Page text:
Chief Medical Officer of Health Dr. Kieran Moore is now ‘strongly recommending’ that Ontarians resume masking in all public indoor settings amid what he is calling a “triple threat” of respiratory viruses – RSV, flu and COVID-19.
But he is stopping short of reintroducing a mask mandate for now and is instead placing the onus on individuals to do their part to protect the most vulnerable among us.
He is also calling on Ontarians to get their flu shots and take other precautions, such as screening for respiratory symptoms before attending work or school and practicing good hand hygiene.
Here is what you need to know about Moore’s latest advice:
Ontarians should take extra precautions, especially when around children
Moore says that Ontarians need to understand that “what might be a cold to you can lead to a severe respiratory infection in a child four and under.” For that reason, he says that parents need to be particularly careful if they are displaying any respiratory symptoms, even if it is just a runny nose. Asked specifically if that meant masking in the home, Moore said that it does.
“I am sorry but yes, you should,” he said. “You should be doing good hand hygiene, cleaning surfaces and masking as best as you can to decrease the risk to that child. You have to remember with respiratory symptoms, they can be minor for an adult or an older member of our community but they can be major for a child under four in particular.”
Do younger children need to wear masks?
Ontario’s since expired mask mandate applied to all children above the age of two but Moore’s advice on Monday allowed for some interpretation. He said children ages two to five should wear masks in indoor public settings but only “if they can tolerate the mask and safely put it on and off.”
Social settings a particular concern
Moore says that Ontarians should be masking in indoor public settings in an attempt to protect the healthcare system but as the weather gets colder he said that he is particularly concerned about potential viral spread within social settings when children are present. He said he has been told that at the Hospital for Sick Children, about half of the kids who are currently on ventilators in the intensive care unit have RSV while the other half have Influenza.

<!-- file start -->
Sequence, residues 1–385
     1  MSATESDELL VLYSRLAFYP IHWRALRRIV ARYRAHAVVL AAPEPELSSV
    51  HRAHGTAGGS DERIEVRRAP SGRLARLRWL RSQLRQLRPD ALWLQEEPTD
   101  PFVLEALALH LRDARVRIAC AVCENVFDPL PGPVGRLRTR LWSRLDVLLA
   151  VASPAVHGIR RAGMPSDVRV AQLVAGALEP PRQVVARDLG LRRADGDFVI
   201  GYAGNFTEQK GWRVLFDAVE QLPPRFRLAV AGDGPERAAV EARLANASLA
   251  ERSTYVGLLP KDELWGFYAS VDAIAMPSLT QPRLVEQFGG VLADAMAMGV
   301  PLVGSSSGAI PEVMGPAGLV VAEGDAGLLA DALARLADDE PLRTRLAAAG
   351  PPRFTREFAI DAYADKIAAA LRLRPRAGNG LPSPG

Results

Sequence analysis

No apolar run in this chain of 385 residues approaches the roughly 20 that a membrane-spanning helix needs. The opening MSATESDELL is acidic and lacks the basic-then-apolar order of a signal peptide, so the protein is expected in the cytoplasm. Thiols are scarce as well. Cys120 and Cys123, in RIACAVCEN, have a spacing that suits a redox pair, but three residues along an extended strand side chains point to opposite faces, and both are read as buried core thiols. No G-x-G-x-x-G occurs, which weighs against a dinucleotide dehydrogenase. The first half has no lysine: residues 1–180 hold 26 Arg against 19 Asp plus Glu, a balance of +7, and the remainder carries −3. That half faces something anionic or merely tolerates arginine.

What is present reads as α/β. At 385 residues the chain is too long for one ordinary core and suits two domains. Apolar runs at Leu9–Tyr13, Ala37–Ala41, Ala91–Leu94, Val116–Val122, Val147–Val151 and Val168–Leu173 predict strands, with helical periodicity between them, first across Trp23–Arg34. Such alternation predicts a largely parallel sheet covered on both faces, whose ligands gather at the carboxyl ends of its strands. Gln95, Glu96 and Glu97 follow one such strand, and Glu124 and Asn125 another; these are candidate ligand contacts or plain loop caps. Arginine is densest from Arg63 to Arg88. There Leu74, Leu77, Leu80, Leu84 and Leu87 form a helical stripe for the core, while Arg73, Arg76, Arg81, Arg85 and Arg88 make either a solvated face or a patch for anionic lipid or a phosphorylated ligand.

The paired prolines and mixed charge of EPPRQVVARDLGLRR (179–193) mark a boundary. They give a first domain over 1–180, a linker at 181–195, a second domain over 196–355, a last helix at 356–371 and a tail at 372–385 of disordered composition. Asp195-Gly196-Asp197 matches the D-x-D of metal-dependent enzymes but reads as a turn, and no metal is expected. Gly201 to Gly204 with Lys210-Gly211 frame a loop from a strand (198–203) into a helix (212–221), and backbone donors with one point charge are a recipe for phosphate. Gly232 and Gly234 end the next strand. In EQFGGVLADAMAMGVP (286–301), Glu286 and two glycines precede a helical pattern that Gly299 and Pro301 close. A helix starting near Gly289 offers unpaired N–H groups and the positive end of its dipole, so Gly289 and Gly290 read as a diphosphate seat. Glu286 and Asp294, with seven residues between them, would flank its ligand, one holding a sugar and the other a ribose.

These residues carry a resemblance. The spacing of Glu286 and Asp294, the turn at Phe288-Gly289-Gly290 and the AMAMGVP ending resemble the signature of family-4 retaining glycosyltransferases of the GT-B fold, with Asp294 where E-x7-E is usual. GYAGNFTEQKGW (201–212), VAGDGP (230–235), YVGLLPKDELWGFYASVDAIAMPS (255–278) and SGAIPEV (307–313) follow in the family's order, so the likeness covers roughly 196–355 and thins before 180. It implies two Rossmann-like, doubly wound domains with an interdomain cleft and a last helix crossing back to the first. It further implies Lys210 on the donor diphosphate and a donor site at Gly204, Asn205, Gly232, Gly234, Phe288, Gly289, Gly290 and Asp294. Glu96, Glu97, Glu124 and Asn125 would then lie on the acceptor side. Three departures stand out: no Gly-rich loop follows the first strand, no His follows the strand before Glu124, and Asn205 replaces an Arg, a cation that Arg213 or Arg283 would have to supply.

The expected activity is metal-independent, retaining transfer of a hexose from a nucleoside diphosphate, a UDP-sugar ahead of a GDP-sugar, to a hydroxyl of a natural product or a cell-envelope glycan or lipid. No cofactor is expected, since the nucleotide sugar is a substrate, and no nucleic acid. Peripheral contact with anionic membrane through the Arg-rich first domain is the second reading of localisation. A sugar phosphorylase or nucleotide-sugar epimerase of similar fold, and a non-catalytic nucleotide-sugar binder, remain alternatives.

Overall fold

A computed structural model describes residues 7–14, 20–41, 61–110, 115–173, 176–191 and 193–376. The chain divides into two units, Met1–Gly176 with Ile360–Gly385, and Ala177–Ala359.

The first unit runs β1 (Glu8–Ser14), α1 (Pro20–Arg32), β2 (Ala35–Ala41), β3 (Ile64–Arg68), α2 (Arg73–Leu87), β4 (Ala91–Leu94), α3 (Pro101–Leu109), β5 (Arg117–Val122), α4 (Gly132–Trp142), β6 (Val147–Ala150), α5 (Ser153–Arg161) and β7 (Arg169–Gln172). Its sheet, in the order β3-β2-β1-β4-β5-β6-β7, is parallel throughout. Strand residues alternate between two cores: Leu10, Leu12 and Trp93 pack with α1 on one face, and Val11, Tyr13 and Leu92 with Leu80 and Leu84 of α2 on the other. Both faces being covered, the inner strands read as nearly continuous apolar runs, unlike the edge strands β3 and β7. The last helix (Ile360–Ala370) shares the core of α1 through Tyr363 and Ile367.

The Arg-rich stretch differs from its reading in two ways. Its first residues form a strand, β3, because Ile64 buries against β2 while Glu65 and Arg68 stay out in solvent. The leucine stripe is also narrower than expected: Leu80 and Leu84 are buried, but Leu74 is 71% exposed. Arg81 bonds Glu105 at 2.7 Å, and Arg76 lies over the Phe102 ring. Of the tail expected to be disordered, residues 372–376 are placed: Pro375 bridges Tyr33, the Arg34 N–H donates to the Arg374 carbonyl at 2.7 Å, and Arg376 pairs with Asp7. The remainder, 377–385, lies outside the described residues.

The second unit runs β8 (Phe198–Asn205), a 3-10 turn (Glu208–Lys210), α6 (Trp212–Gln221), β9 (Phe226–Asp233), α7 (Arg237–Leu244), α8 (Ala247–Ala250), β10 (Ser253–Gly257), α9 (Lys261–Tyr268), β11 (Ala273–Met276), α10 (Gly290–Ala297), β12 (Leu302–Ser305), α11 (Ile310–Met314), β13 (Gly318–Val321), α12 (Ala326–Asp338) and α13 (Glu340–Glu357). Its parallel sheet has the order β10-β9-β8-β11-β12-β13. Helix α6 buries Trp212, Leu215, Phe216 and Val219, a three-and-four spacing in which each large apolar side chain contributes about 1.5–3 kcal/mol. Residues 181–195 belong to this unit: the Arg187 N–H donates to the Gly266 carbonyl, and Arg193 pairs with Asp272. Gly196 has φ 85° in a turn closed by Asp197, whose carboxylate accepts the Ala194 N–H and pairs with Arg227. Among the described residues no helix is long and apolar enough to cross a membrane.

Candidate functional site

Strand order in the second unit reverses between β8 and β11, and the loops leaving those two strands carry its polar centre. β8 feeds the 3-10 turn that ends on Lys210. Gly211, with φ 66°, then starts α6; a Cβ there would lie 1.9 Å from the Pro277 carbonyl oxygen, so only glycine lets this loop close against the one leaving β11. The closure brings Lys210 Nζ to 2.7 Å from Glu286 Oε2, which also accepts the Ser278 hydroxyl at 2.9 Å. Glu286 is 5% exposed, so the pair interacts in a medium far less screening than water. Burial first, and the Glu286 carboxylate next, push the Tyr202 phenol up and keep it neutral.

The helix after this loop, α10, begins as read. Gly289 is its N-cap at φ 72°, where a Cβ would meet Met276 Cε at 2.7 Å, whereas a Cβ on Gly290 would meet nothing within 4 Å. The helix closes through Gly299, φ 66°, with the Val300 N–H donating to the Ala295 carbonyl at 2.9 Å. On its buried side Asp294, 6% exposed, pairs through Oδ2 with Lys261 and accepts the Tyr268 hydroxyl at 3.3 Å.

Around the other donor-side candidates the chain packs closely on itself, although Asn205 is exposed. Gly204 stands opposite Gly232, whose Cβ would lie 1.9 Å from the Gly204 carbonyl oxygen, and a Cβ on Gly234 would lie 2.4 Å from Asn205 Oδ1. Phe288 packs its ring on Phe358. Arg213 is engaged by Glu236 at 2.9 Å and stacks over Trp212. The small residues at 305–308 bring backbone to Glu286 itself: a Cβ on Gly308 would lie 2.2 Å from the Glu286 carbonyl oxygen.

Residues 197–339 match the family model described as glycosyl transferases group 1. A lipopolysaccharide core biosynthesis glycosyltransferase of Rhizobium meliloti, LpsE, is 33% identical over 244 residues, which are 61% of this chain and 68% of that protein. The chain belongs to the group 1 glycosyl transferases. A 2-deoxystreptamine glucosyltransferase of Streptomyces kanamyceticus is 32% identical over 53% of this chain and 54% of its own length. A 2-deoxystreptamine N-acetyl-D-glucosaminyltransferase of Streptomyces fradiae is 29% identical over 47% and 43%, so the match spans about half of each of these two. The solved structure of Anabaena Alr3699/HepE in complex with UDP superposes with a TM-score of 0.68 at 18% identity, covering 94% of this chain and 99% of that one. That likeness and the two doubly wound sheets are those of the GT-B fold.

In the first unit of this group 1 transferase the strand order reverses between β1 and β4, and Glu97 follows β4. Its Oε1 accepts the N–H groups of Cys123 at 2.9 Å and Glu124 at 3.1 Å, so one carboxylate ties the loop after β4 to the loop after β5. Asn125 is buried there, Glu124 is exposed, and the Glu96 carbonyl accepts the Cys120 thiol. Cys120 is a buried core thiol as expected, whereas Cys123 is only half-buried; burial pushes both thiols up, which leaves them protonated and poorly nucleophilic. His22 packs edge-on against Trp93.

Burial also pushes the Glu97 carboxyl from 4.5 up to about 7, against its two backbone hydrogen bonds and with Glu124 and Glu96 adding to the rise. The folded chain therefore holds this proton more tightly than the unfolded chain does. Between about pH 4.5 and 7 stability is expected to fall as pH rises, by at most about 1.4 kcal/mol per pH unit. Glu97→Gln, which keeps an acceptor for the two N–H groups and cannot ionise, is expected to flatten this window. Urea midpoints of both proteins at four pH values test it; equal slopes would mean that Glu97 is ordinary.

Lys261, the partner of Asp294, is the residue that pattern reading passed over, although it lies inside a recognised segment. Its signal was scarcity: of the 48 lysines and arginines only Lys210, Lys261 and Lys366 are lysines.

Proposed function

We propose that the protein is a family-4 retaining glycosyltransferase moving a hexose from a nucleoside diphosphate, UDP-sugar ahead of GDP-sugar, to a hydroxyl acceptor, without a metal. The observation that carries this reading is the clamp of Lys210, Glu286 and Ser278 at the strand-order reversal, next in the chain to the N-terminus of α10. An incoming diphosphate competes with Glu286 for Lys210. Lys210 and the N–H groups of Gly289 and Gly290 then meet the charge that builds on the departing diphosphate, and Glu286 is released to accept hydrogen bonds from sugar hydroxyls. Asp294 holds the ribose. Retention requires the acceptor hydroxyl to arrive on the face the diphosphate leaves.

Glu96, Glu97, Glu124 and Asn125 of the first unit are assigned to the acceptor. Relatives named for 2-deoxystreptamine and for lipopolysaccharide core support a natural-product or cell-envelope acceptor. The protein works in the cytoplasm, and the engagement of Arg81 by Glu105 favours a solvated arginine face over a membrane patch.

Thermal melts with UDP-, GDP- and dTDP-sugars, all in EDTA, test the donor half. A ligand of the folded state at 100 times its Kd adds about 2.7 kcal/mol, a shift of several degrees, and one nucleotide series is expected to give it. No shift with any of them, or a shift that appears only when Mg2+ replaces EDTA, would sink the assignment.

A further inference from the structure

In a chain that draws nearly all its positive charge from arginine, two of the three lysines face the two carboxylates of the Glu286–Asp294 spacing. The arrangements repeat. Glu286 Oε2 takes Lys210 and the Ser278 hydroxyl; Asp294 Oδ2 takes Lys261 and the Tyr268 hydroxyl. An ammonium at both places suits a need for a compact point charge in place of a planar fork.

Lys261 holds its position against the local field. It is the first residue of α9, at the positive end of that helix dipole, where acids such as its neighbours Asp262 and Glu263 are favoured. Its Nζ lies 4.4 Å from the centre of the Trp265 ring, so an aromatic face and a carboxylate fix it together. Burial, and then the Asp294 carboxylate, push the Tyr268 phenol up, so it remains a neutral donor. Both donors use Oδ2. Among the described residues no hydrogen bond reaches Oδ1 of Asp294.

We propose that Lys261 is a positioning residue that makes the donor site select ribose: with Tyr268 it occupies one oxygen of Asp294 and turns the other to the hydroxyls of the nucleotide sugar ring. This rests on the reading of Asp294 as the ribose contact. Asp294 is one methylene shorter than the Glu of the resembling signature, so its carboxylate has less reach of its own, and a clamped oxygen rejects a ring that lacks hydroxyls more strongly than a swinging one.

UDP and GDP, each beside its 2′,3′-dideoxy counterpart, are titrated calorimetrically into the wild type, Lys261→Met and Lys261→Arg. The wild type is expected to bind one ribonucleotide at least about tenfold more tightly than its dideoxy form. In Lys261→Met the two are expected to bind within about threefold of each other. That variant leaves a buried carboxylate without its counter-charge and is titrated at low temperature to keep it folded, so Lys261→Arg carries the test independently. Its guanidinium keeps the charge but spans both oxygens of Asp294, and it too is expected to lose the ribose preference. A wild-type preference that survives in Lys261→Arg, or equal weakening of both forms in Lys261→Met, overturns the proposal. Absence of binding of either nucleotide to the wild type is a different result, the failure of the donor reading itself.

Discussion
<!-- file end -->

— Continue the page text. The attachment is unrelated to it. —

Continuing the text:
“This isn't COVID that's affecting our children, although it obviously can. It's RSV and Influenza combined that are driving our children to have to be admitted to hospitals and we do have the tools at our disposal that can help protect our children and help protect our families,” he said. “My concern is that this is spreading in families and in social situations outside of the large public venues and it really comes down to families, grandparents, parents and siblings protecting the most vulnerable and youngest in our communities.”
He also said “we are discussing that and reviewing that as a potential (measure)” when asked about possibly introducing a mask mandate for schools.
Will Moore consider mandating masking in some settings?
Moore was asked specifically about requiring that daycare workers wear masks around children and said that he would “absolutely consider” issuing an order to that effect if deemed necessary. But he also acknowledged that prior mandates, particularly as they applied to social settings, weren’t always effective.
“I think we have to educate, educate, educate. That is the basic premise of our public health communication at present,” he said. “I don't know if all parents realize that a common cold to them is a serious and severe respiratory illness to someone four and under and we need to get that message across, that any respiratory illness in our battle right now can be RSV or influenza. They all have very similar early symptoms and that can transmit to our children.”
What about infants?
Moore said that given the risk posed by RSV, it is particularly important to keep babies away from anyone with cold symptoms “if possible.” If contact can’t be avoided, he said that anyone with symptoms should wear a mask around the baby.
“Older children, siblings, parents and adults can easily pass on the infection to high risk children through close contact. That is why if possible it is important to keep babies away from people with any cold symptoms,” he warned. “Keeping our children, babies especially, away from crowds will also help minimize the possibility of infection.”